16. Modeling Terrain Impact on Mobile Ad Hoc Networks (MANET) Connectivity

    Science.gov (United States)

    2014-05-01

    Modeling Terrain Impact on Mobile Ad Hoc Networks ( MANET ) Connectivity Lance Joneckis Corinne Kramer David Sparrow David Tate I N S T I T U T E F...SUBTITLE Modeling Terrain Impact on Mobile Ad Hoc Networks ( MANET ) Connectivity 5a. CONTRACT NUMBER 5b. GRANT NUMBER 5c. PROGRAM ELEMENT NUMBER 6...1882 ljonecki@ida.org Abstract—Terrain affects connectivity in mobile ad hoc net- works ( MANET ). Both average pairwise link closure and the rate

  17. Numerical modeling of 3-D terrain effect on MT field

    Institute of Scientific and Technical Information of China (English)

    徐世浙; 阮百尧; 周辉; 陈乐寿; 徐师文

    1997-01-01

    Using the boundary element method, the numerical modeling problem of three-dimensional terrain effect on magnetotelluric (MT) field is solved. This modeling technique can be run on PC in the case of adopting special net division. The result of modeling test for 2-D terrain by this modeling technique is basically coincident with that by 2-D modeling technique, but there is a great difference between the results of 3-D and 2-D modeling for 3-D terrain.

  18. Mathematical Modeling Of The Terrain Around A Robot

    Science.gov (United States)

    Slack, Marc G.

    1992-01-01

    In conceptual system for modeling of terrain around autonomous mobile robot, representation of terrain used for control separated from representation provided by sensors. Concept takes motion-planning system out from under constraints imposed by discrete spatial intervals of square terrain grid(s). Separation allows sensing and motion-controlling systems to operate asynchronously; facilitating integration of new map and sensor data into planning of motions.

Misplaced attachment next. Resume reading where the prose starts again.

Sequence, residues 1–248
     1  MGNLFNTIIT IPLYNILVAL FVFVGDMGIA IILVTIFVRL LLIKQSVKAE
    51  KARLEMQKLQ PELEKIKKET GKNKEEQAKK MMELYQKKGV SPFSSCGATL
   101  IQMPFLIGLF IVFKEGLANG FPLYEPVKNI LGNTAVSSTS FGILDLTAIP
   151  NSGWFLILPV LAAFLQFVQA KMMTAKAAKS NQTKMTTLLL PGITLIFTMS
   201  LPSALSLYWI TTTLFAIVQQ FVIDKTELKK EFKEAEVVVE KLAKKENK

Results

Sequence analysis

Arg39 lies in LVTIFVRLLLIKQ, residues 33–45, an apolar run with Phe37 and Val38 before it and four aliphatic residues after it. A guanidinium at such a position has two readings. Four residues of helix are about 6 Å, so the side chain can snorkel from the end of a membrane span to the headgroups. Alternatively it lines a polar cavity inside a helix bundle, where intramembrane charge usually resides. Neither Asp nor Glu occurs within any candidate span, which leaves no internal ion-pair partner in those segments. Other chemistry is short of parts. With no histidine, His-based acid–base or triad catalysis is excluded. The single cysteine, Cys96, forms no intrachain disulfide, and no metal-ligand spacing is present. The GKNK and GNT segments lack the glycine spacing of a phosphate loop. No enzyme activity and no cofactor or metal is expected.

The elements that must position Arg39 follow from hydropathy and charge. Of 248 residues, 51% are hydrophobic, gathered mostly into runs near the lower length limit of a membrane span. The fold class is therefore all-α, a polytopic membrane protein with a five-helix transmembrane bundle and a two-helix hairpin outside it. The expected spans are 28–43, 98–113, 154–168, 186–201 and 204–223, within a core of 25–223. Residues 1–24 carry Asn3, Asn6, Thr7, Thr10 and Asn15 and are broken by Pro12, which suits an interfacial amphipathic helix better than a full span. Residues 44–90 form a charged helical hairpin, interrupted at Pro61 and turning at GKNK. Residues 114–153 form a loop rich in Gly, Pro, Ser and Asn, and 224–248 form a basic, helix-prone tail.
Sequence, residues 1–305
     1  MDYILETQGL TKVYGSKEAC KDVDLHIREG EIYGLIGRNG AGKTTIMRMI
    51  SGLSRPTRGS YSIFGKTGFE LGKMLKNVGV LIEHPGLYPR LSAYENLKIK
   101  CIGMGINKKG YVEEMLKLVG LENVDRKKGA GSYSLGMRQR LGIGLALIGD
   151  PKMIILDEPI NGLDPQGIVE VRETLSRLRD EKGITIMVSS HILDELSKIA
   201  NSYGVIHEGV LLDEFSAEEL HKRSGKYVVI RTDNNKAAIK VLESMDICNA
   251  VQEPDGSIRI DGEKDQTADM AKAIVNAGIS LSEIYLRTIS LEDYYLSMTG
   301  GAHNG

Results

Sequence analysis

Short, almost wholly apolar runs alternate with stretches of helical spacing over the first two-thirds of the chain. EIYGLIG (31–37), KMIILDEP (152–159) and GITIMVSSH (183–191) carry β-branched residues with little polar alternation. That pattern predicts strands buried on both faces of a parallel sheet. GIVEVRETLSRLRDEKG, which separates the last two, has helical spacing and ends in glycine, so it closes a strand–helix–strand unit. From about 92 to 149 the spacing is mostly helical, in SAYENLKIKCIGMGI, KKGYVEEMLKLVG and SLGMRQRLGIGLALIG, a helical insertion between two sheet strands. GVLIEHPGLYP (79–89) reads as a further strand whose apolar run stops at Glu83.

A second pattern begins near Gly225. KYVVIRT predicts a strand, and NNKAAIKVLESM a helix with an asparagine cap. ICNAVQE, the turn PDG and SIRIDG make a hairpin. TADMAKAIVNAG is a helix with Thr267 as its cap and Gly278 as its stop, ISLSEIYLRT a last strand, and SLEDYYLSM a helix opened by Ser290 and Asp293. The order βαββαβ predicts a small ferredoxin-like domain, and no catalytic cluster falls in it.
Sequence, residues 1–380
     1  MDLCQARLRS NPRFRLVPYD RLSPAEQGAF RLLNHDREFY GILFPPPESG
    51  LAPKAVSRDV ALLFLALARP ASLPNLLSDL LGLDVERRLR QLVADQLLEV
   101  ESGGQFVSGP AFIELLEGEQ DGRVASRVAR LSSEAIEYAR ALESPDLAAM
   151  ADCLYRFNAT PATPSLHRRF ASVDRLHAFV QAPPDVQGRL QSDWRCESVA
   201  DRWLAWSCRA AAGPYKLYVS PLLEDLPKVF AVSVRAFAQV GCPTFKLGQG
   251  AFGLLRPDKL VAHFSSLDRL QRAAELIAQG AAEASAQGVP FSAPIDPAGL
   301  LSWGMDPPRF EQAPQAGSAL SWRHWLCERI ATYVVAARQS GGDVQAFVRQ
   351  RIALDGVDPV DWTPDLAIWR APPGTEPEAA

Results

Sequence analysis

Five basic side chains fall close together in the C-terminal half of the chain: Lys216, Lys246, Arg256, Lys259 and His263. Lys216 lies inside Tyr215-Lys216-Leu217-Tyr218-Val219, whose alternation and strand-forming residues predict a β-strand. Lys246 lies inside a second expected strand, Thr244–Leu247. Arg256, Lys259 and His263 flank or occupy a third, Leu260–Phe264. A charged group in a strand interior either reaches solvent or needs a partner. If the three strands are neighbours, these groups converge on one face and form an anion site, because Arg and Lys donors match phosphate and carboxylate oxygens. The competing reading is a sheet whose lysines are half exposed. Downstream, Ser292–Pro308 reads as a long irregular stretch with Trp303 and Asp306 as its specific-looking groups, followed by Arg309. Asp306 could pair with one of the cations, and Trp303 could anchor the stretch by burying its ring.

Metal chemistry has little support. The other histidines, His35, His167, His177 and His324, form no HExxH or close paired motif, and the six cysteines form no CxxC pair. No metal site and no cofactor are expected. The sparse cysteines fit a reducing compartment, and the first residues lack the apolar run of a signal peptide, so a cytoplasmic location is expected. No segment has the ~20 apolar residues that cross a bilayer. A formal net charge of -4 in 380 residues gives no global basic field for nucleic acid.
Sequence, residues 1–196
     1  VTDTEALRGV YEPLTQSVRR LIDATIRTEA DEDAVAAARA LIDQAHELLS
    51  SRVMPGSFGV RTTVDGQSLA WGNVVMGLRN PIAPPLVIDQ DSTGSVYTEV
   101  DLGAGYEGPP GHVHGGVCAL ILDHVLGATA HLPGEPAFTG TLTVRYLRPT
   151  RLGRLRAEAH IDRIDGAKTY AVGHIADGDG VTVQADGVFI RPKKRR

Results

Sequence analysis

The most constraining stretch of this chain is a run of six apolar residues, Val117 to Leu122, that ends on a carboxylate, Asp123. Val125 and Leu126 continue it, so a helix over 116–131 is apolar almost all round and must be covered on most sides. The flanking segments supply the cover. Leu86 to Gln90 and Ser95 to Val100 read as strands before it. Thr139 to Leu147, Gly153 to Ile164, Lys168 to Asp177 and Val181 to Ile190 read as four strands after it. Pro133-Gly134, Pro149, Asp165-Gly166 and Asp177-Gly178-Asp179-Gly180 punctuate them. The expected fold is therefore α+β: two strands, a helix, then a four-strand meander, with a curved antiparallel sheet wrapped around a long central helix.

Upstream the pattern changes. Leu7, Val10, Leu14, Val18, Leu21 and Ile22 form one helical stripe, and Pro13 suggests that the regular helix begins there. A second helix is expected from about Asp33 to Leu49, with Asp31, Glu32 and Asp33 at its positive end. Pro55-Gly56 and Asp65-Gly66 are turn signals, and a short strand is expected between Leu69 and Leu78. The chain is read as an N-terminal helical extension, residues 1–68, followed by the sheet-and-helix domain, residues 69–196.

19. Gravity Terrain Effect of the Seafloor Topography in Taiwan

    Directory of Open Access Journals (Sweden)

    Lun-Tao Tong Tai-Rong Guo

    2007-01-01

    Full Text Available Gravity terrain correction is used to compensate for the gravitational effects of the topography residual to the Bouguer plate. The seafloor topography off the eastern offshore of Taiwan is extremely rugged, and the depth of the sea bottom could be greater than 5000 m. In order to evaluate the terrain effect caused by the seafloor topography, a modern computer algorithm is used to calculate the terrain correction based on the digital elevation model (DEM.

  20. UNIFIED REPRESENTATION FOR COLLABORATIVE VISUALIZATION OF PLANETARY TERRAIN DATA Project

    Data.gov (United States)

    National Aeronautics and Space Administration — We propose to apply to planetary terrain mapping an alternative, multiresolution method, subdivision surfaces (subdivs), in place of conventional digital elevation...

  1. T-transformation: traversability analysis for navigation on rugged terrain

    Science.gov (United States)

    Ye, Cang; Borenstein, Johann

    2004-09-01